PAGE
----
Im Selbstverlag des Komponisten Auslieferung und Bühnenvertrieb Edition Benno Balan, Berlin=Charlottenburg 4: [without PN], . Folio. Original publisher's wrappers printed in blue. [i] (title), [ii] (list of characters, list of orchestral instruments, instructions for performance), -140 pp. Facsimile of copyist's manuscript. Copyright notice to lower left corner of p. 3: "Copyright 1930 by Arnold Schönberg, Berlin." Printed note to lower right corner of last page of music: "Schrift und Druck Rokodruck, Berlin."
Titling of upper wrapper identical with title except lacking imprint.
Wrappers soiled; corners slightly chipped.
Second edition. Rufer (Engl.) pp. 58-60. Ringer p. 317. Tetsuo Satoh pp. 23-24. The manuscript on which the edition is based is lost. The first edition, from 1929, lacks the reference to Edition Benno Balan in the imprint and carries a typeset copyright notice dated 1929. It is also a facsimile, but is based on a different, partially autograph, manuscript.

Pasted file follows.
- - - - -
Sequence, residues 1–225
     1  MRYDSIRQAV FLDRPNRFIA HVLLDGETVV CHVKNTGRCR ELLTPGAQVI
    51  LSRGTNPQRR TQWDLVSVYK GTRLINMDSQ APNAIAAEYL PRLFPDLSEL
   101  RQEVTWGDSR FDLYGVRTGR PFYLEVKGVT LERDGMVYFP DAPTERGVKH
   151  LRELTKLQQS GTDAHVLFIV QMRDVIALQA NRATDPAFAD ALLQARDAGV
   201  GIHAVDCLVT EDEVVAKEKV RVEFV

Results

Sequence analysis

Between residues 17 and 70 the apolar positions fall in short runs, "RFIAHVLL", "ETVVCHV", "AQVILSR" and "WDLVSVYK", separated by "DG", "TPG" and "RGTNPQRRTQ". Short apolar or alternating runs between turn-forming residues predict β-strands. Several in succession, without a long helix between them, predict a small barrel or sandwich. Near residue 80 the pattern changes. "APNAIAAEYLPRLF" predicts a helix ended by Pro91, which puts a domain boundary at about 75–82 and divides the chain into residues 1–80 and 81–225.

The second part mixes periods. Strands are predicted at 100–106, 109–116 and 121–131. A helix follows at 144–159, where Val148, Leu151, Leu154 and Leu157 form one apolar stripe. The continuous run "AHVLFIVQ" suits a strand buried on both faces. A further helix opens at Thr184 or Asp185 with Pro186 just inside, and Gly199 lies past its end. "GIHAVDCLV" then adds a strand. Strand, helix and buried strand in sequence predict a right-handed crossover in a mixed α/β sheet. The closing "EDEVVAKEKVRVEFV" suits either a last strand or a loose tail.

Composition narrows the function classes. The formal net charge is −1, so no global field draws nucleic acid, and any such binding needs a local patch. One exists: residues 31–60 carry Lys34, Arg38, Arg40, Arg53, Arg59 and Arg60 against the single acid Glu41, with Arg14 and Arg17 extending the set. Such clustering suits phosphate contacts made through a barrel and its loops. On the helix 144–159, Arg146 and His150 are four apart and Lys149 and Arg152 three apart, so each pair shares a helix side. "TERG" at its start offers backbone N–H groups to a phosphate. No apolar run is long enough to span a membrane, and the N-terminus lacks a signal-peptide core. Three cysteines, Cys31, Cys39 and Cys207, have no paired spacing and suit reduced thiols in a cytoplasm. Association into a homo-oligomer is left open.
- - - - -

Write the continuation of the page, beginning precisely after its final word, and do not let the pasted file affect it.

Max Blonda is a pseudonym of Schoenberg's (second) wife, Gertrud, née Kolisch (1898-1967).
Von heute auf morgen is Schoenberg's first opera and also the first dodecaphonic opera by any composer.
"For Schönberg it was the twelve-tone system that held the key to the future, and in 'Von heute auf morgen' he was seeking to prove that that key was not incompatible with popular success. The 1930 performances at the Frankfurt Opera and over the radio disappointed the composer. His hopes for popular success were not realized. Within two months of the premiere Schönberg was to pen the rather defensive essay 'My Public,' an essay in which he argues that 'expert judges'—principally conductors, performers, and others with influence in the musical world—are to blame for the lack of understanding of his music." Website of the Arnold Schönberg Center, Vienna. Item #24287
Price: $950.00 other currencies